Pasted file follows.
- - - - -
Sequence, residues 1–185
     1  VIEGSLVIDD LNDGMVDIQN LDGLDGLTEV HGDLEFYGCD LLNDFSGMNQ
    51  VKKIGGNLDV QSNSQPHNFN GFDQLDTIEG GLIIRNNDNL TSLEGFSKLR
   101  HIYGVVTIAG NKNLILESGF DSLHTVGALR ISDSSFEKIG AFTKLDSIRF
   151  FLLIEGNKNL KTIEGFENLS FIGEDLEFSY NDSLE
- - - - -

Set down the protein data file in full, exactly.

Sequence, residues 1–185
     1  VIEGSLVIDD LNDGMVDIQN LDGLDGLTEV HGDLEFYGCD LLNDFSGMNQ
    51  VKKIGGNLDV QSNSQPHNFN GFDQLDTIEG GLIIRNNDNL TSLEGFSKLR
   101  HIYGVVTIAG NKNLILESGF DSLHTVGALR ISDSSFEKIG AFTKLDSIRF
   151  FLLIEGNKNL KTIEGFENLS FIGEDLEFSY NDSLE